strtoupper('“T')he Sword of Laban”

Here the sword of Laban is a model for other weapons. Nephi mentions nothing more about his sword-making than that the swords were "after the manner" of the sword of Laban. It is not clear what this means. Certainly there is a lack of archaeological evidence for swords that would match the "manner" of an Old World sword.

We know that Nephi was early able to work metals. His experience forging tools for the ship would have remained with him, and the plates upon which he writes are another evidence of the continued use of metals. Therefore it is possible that the sword was also metal - although it is not necessarily required by the text. In order to make a sword similar to that of Laban, the particular metals and methods would be required, and they may not have been present.

"In view of the evidence of archaeology, it seems possible that after the Nephites moved inland away from the land of first inheritance, they may have been unable to discover adequate sources of ore. Without access to the ore necessary to train the new generation in extensive metal-making skills, their metallurgical technology in some fields could have been lost after a single generation had passed. The Nephites would have had to adopt or develop lithic technology. From that point on, they would have made most, if not all, of their weapons from stone and wood rather than metal. As a hypothetical scenario, then, it can be posited that the swords Nephi made in the early sixth century B.C. were originally metal weapons based directly on the pattern of Laban's sword, but that eventually the metallurgical technology was somehow lost, and macuahuitl-style swords replaced the original metal ones.

On the other hand, Nephi may also have written in a general sense: he made the Nephites' weapons on the general pattern of Laban's sword--a hand-held weapon with a double-edged long blade--rather than exactly copying its structure and material in every detail. And in a general sense, the macuahuitl has many parallels to a typical sword." (WARFARE IN THE BOOK OF MORMON, Page 345)

The archaeological information on the Mesoamerican "sword" provides a possible meaning for the "sword" of the Book of Mormon (though not absolutely certain for the swords modeled on the sword of Laban.) The weapon that bears the Nahuatl name "macuahuitl" was a wooden shaft with obsidian blades on both sides. While that does not visually match our conception of a sword, it does fit relatively well with the descriptions of the way swords were used in the Book of Mormon.

"The Mesoamerican parallel would be the weapon the Aztecs called the maccuahuitl, a hardwood club edged on both sides with razor-sharp obsidian blades. The Spaniards called this feared weapon a "sword," said it was sharper than their own weapons, and learned with dismay that one blow with it could cut off the head of a horse. Bernal Diaz, among the conquering Spaniards, also reported "broad swords" distinct from the maccuahuitl, but these are not elsewhere described, as far as I know. Now, a sword in normal European terminology would have a pointed blade that would be used with a thrusting motion. The Book of Mormon never makes clear that such a weapon was in use by Nephites or Lamanites. Only in one case is there description of a "sword" with any kind of point: a Nephite soldier "smote" a Lamanite leader, accidentally scalping him; then he carefully picked up the scalp, "laid it" on the "point" of his sword (rather than spearing it, as we might expect), and raised it aloft (Alma 44:12-13). This odd description fails to make clear exactly how the weapon looked. While the Book of Mormon text leaves us unclear about the appearance and functions of the Nephites' sword-like weapons, so do the sources on ancient Mexico and Guatemala remain unclear about some weapons. The agreement between scripture and outside sources seems adequate at the moment; no major problem is apparent in reconciling the materials." (AN ANCIENT AMERICAN SETTING FOR THE BOOK OF MORMON, Page 262)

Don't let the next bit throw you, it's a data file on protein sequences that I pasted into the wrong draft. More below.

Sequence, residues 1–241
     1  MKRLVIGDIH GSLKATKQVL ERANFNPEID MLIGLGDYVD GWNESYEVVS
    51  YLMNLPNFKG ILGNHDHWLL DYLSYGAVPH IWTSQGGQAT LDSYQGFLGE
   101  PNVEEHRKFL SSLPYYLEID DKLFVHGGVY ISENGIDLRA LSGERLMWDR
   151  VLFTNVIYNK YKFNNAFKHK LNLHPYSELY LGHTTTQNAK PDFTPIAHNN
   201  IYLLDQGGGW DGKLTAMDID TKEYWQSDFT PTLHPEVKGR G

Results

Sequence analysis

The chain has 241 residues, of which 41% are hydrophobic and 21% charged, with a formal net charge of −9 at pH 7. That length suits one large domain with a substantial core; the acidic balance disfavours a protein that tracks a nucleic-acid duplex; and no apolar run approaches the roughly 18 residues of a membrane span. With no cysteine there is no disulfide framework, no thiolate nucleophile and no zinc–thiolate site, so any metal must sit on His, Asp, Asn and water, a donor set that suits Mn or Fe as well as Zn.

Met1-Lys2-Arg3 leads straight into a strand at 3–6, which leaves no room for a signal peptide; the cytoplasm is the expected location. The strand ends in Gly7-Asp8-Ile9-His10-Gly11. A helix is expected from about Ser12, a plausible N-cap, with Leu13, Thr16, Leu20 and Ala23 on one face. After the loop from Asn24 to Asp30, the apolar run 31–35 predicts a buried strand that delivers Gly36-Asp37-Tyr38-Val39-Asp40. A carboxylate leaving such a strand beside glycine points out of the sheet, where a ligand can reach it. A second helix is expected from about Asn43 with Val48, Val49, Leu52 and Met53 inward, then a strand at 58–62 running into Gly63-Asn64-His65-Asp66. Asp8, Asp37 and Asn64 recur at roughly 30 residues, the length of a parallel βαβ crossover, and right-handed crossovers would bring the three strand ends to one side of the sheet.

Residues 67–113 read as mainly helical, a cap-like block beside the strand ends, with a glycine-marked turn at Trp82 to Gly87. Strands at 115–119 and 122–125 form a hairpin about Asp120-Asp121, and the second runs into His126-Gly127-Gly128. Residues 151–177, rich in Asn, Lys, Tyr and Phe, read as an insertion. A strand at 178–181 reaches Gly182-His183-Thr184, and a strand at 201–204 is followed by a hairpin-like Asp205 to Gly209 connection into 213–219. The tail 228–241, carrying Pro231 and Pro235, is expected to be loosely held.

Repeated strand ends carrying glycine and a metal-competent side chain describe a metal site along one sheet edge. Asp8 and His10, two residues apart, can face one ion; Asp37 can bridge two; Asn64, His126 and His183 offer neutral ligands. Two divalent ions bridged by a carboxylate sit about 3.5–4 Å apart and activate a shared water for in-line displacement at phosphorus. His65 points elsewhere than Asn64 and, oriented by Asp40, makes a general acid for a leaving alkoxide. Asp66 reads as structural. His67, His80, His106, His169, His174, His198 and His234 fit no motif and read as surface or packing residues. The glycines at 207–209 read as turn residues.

Because superior military technologies provide a marked advantage in early warfare (as witnessed by the Spanish sword in combat with the Aztec macuahuitl) it would be expected that any accurate copy of the sword of Laban, particularly in quantities, would first give the Nephites a military edge, and secondly be rapidly incorporated into other cultures. For this reason alone, it is therefore suggestive that "after the manner of" does not necessarily translate into the same materials. If an inferior metal were used, the sword might lose the edge, or be too brittle for use.

Whatever the reason, while the original defensive weapons of the Nephites were modeled on the sword of Laban, history suggests that they were replaced with other types of weapons. The only reason that would happen is if they other weapons were actually superior. The suggestion again is that the copies were not of the quality of the original.

Brant Gardner -

Brant Gardner

Multidimensional Commentary on the Book of Mormon

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